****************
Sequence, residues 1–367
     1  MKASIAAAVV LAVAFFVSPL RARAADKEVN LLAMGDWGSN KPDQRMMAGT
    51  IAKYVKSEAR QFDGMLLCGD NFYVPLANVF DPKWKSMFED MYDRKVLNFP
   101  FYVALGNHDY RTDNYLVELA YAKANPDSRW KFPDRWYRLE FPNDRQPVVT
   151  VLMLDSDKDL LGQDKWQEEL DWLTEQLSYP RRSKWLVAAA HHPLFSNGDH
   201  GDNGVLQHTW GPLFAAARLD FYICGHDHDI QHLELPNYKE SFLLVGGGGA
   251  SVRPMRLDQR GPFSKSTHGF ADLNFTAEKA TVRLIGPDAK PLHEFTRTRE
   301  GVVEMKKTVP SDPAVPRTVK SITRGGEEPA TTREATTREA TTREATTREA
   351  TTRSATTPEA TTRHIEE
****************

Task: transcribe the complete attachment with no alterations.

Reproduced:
Sequence, residues 1–367
     1  MKASIAAAVV LAVAFFVSPL RARAADKEVN LLAMGDWGSN KPDQRMMAGT
    51  IAKYVKSEAR QFDGMLLCGD NFYVPLANVF DPKWKSMFED MYDRKVLNFP
   101  FYVALGNHDY RTDNYLVELA YAKANPDSRW KFPDRWYRLE FPNDRQPVVT
   151  VLMLDSDKDL LGQDKWQEEL DWLTEQLSYP RRSKWLVAAA HHPLFSNGDH
   201  GDNGVLQHTW GPLFAAARLD FYICGHDHDI QHLELPNYKE SFLLVGGGGA
   251  SVRPMRLDQR GPFSKSTHGF ADLNFTAEKA TVRLIGPDAK PLHEFTRTRE
   301  GVVEMKKTVP SDPAVPRTVK SITRGGEEPA TTREATTREA TTREATTREA
   351  TTRSATTPEA TTRHIEE